“This is in the era when Alexej Čepička was the minister of defence. Čepička was known for both his close ties to the Communist Party, of course, but also to Gottwald himself. He was married to Gottwald’s daughter.

“So there are really differing experiences. But I think by and large it was a way for filmmakers to spend their years in the army, honing their craft, and in almost all cases, I think, you do see links between the work filmmakers were making in the army and the work they would make later, whether that’s stylistically, or thematically or otherwise.”

Some of the directors who are known today for being part of the Czechoslovak New Wave were also in the army’s Film Group, like Němec and Juráček. What about the others who are really well-known today, like Miloš Forman, [Jiří] Menzel and Ivan Passer – were they also in the Film Group?

“Menzel was certainly in the Army Film studio. He made or was involved in a number of short films and newsreel pieces in the ‘60s.

“He also appeared as an actor in some of the army films.”

Was there a golden age of the army’s film production?

“I think if were to think of a golden age for Army Film, it would be the ‘60s. And certainly from about the same period when the New Wave is flourishing in Czechoslovak cinema: so ’63, ’62, until ’69, ’70.

“We can think of this a golden age for the same reasons that the Czechoslovak New Wave took shape in that period, and that is that there were a number of talented filmmakers who had come through FAMU and were very skilled at their craft.

Vladimír Menšík in 'Crooked Mirror',  photo: archive of Military History Institute Prague
“These were filmmakers who were watching world cinema as it existed at this moment.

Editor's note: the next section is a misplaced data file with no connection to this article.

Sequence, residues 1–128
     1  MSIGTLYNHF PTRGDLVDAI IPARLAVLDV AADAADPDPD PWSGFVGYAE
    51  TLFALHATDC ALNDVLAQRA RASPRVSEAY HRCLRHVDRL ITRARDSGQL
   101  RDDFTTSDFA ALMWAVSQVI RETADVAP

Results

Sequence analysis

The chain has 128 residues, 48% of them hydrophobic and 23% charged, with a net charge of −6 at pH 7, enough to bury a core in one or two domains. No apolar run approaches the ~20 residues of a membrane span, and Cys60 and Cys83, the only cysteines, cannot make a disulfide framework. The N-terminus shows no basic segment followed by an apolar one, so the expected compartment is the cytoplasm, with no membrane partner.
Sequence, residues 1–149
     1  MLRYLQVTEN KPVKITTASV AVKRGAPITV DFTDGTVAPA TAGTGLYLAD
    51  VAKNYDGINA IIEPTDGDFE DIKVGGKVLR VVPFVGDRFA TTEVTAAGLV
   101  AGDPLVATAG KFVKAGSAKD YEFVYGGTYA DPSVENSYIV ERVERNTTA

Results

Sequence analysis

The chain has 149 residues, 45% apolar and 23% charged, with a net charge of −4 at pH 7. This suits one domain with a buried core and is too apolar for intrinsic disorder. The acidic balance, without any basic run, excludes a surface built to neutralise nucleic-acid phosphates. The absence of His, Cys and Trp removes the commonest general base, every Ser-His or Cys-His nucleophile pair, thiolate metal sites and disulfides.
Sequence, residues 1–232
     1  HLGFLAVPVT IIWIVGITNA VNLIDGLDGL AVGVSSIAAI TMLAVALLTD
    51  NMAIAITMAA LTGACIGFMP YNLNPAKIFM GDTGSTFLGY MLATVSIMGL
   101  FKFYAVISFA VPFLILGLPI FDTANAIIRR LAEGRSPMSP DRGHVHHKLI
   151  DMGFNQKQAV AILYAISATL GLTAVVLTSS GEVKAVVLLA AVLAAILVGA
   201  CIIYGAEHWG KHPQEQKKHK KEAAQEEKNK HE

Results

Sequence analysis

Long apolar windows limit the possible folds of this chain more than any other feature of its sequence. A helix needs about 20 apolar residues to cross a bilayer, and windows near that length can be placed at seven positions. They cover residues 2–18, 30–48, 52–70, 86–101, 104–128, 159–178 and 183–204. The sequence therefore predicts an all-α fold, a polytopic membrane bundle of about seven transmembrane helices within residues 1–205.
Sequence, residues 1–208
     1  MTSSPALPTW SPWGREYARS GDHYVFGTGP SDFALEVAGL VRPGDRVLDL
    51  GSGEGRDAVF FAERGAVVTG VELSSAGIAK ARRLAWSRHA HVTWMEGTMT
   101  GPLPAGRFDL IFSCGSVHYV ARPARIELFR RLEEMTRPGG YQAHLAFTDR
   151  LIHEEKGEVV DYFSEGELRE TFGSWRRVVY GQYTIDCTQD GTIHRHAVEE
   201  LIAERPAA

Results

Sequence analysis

“They were watching the French New Wave, they were watching Italian neo-realism, they were watching Hungarian neo-realism and they were taking those lessons into their own filmmaking.

“But it’s a moment, as we know, when censorship was lessened and abolished, briefly.

“So I think all of the same social, political and creative forces that we see converging to create the Czechoslovak New Wave also create that in the army.

“But what’s important to note is that it goes further in the army than it does elsewhere.

“And the reasons for this are that the army is a protected sphere.

“The filmmakers that are making films in the army aren’t expecting that the films will be shown as widely as films that one might make for Czechoslovak State Film, whether in the Short Film studio or for the feature film production.”

So they weren’t using self-censorship in that case, were they not?

“Self-censorship probably exists always, in all forms, but the censorship systems in the studio itself were very different than they were elsewhere.

“What’s happening in the 1960s is that there is top-down censorship happening really only at the end, when films are finished.

“As I understand it from oral histories that I’ve done with filmmakers involved with the studios, at that point many censors just let things pass.”

Some of these filmmakers are still around, like Vojtěch Jasný or Karel Vachek – did you have a chance to speak to them about their experiences?